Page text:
Effects of two Commercial Neem-based insecticides on lone star tick, Amblyomma Americanum (L.) (Acari: Ixodidae): Deterrence, mortality, and reproduction

Allan T. Showler, Weste L.A. Osbrink, Jay Morris, Michael J. Wargovich

Research output: Contribution to journalArticlepeer-review

2 Scopus citations


The lone star tick, Amblyomma americanum (L.), is a widely distributed three-host obligate blood-feeding ectoparasite in the United States and Mexico. It mostly attaches to white-tailed deer, Odocoileus virginianus (Zimmerman) and wild Turkey, Meleagris gallopavo L., as well as a wide variety of other, domestic and wild hosts such as cattle, dogs, horses, goats, quail, squirrels, opossums, hares, coyotes, and humans. Diseases known to be transmitted by A. americanum include ehrlichiosis, rickettsiosis, tularemia, and protozoan infections. Two commercial neem-based products registered for home and garden use, Neemix (a viscous liquid) and AzaSol (a powder), containing 4.5 and 6% azadirachtin (a limonoid), respectively, as the labeled active ingredient, were assessed for contact toxicity, fumigant toxicity, deterrence, and sublethal effects on egg laying and hatching. We determined that Neemix also contained high concentrations of three additional bioactive limonoids: Nimbolide, nimbin, and salannin. When concentrations of azadirachtin were approximately the same, the two neem-based formulations caused similar contact mortality against larvae. High concentrations of Neemix-induced complete mortality from volatiles when larvae and adults were exposed and nonazadirachtin compounds appeared to be the cause. Neem-based products can induce multiple bioactive effects that differ from other neem-based products because the products might be comprised different bioactive constituents and because the products might have the same constituents but in substantially different amounts. Only Neemix was deterrent against larvae, which might have resulted from the presence of the bioactive compounds other than azadirachtin. Growth regulator and sublethal effects on egg laying and egg hatchability were not observed. The feasibility of protecting hosts against A. americanum using the neem-based products is discussed.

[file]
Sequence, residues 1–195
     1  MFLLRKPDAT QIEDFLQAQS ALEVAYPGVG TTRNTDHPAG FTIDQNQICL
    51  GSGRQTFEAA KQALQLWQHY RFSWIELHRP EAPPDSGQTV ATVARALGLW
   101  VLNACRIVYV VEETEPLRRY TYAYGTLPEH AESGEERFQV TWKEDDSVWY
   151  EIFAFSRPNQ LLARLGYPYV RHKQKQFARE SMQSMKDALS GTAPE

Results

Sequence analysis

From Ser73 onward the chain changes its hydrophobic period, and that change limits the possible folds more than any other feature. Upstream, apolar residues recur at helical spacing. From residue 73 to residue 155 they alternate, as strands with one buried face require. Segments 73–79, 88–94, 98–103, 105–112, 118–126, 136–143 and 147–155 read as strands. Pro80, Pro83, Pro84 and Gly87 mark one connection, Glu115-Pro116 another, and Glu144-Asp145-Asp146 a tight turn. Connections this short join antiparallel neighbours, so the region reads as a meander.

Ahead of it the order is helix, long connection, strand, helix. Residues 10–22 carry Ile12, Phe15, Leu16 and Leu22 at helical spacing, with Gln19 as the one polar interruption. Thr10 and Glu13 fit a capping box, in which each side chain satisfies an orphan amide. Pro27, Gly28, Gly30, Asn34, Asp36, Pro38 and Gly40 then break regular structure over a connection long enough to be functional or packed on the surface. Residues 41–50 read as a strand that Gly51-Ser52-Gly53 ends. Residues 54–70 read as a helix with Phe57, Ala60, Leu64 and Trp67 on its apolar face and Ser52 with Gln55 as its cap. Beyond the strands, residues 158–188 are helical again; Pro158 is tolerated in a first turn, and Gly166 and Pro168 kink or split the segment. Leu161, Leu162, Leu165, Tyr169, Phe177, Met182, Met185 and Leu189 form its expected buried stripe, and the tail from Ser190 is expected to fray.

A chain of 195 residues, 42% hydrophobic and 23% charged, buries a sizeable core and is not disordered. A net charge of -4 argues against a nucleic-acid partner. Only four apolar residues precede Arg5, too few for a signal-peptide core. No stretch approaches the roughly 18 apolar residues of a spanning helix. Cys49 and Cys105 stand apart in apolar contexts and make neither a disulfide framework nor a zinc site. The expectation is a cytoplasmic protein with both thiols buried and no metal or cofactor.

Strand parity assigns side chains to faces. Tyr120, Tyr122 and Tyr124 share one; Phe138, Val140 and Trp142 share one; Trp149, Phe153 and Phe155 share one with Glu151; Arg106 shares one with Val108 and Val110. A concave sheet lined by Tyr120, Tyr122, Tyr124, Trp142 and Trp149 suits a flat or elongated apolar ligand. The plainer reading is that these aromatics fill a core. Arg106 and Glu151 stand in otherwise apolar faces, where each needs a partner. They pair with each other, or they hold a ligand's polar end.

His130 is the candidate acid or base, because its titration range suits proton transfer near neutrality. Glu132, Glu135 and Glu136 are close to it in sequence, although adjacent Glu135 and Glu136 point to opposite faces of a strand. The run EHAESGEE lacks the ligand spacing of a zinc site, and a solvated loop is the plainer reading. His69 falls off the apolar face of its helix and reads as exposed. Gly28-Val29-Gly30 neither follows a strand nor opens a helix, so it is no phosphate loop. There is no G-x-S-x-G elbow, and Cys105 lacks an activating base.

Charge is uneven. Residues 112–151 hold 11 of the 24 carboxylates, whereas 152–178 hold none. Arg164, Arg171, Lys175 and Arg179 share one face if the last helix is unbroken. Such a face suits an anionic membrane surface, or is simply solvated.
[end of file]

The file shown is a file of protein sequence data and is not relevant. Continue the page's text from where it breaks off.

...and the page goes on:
Original languageEnglish (US)
Pages (from-to)1-12
Number of pages12
JournalBiopesticides International
Issue number1
StatePublished - 2017


  • Azadirachtin
  • Bioactive compounds
  • Egg hatchability
  • Fecundity
  • Insect growth regulator
  • Sublethal effects
  • Toxicity

ASJC Scopus subject areas

  • Agronomy and Crop Science
  • Plant Science
  • Management, Monitoring, Policy and Law


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